One of the first orders of business in the new year for one Mount Airy official will be pushing for a change in city election procedure — even it if means shortening his own term.
Jon Cawley, a member of the board of commissioners, wants to move forward in January with a proposal to shift the election schedule from odd to even years. That has been suggested both to save money and have a larger voter turnout.
Cawley announced his desire to pursue this at the commissioners’ last meeting earlier this month, saying it was an “important” issue, and he reiterated that intention Wednesday.
Concerns about moving from an odd- to even-numbered system surfaced after a city primary in October — which had a price tag of $10,000, but attracted less than 6 percent of Mount Airy’s registered voters.
Momentum for a change has been building not only in Mount Airy, but Dobson, where officials approved a resolution last month calling for the N.C. General Assembly to move municipal elections to even-numbered years.
Cawley said he was unaware of Dobson’s stance when earlier mentioning the subject at a Mount Airy board meeting, but is willing to follow suit with officials in the county seat.
“I had honestly only been thinking about Mount Airy, but if it would work for the whole state, I certainly wouldn’t be opposed to that,” Cawley said of a statewide approach rather that this city acting on its own.
Moving to an even-numbered year would allow municipal elections to be held at the same time as those on the county, state and federal levels — which will include the presidential race in 2012.
“I think more people will come out and vote if they’ve got a larger docket to choose from,” said Cawley, who believes the more choices citizens have, the better for the system overall.
A separate concern has surrounded the idea of doing away with primaries altogether in the city, which Cawley said might require a constitutional change since primaries are meant to ensure that a candidate is elected by a majority. Under the existing procedure for the municipality’s non-partisan elections, a primary is required if three or more candidates file for a particular office.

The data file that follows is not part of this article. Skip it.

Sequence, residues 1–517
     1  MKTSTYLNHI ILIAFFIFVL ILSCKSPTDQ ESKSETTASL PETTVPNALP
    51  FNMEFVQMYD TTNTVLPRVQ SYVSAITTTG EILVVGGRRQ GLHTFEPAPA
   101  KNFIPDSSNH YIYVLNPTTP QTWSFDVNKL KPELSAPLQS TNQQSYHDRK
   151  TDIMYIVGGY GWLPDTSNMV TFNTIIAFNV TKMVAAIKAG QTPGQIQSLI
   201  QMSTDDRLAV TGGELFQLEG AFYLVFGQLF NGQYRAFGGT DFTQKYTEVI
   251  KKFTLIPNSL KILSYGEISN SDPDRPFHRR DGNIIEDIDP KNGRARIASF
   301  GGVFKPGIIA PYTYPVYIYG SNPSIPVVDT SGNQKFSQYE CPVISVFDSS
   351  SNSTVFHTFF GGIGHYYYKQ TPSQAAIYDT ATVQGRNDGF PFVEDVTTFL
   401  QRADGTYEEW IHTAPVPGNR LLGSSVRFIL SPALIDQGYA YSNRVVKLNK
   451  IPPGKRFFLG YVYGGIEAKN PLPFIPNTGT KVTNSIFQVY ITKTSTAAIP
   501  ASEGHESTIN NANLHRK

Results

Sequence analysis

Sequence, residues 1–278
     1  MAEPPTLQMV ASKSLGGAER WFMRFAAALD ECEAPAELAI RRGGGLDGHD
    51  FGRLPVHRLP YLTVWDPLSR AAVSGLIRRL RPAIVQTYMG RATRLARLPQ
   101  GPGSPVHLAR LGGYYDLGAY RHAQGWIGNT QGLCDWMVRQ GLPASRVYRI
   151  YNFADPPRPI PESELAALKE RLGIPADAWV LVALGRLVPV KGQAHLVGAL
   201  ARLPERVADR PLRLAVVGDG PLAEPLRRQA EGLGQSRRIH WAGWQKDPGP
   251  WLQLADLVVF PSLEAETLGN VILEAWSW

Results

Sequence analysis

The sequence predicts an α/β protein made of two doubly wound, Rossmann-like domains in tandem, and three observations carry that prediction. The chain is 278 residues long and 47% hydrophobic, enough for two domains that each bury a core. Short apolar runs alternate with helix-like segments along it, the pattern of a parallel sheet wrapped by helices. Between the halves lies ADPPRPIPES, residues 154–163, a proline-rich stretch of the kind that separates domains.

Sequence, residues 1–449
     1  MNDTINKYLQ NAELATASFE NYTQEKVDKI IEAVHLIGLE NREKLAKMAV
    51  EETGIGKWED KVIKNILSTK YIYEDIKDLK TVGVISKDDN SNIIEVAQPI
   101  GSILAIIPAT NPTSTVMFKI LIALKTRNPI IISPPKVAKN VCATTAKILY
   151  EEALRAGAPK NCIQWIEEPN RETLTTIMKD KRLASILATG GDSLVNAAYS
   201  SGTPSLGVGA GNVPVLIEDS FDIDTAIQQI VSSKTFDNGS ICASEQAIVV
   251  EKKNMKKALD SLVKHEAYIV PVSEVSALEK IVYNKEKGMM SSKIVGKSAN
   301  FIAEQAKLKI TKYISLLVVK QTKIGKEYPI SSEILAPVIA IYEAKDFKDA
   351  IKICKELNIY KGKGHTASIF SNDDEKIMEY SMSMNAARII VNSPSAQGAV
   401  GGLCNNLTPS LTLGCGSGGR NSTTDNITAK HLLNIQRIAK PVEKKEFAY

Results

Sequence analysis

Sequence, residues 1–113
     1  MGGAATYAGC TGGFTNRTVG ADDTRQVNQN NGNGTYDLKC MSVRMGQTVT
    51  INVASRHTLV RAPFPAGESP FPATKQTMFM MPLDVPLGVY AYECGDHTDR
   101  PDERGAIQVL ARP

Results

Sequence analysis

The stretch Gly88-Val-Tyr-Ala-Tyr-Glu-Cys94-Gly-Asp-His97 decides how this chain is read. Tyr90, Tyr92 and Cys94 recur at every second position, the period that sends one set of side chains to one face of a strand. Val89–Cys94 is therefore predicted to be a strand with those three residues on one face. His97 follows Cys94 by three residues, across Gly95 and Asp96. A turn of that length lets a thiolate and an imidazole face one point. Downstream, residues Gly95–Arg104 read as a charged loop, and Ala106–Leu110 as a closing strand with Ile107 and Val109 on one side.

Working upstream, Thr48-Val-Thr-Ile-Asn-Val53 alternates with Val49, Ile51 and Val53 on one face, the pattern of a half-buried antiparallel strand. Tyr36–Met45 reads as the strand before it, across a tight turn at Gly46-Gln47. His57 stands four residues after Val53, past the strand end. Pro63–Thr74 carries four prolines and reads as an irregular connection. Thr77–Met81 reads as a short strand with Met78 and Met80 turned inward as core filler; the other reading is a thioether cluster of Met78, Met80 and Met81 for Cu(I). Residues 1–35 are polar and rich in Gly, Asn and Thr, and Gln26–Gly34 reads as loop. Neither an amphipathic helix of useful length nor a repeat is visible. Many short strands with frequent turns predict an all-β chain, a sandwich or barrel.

Willing To Cut Term
Cawley said at the city commissioners’ meeting earlier this month that he wants the board to begin discussing the “pros and cons” of the change in January.
An obvious implication of a shift to elections in even years would be adjusting the terms of present officials to that schedule — which would mean either shortening or lengthening them by one year.
Under the present arrangement, Cawley, as well as Commissioner Steve Yokeley and Mayor Deborah Cochran, won’t be up for re-election again until 2013, having won four-terms in November 2009.
“Right now, all of us are elected in odd years, (but) since next year would be an even year,” he added, it might be that “our seats need to be open then.
“We either have to go three years or five years — it would have to be one or the other for it to go to an even number.”
Cawley said he wouldn’t object to having his term cut. “It seems to me that you would shorten it — it just seems to me to be the ethical thing for you to do.”
When Dobson officials discussed the issue in November, it was noted that passage of the statewide measure would lengthen commissioner terms by a year.
Cawley said Wednesday he would accept that consequence as well, which would commit someone to a longer term of service.
“It does not matter to me — I wouldn’t mind serving another year.”
Reach Tom Joyce at 719-1924 or firstname.lastname@example.org.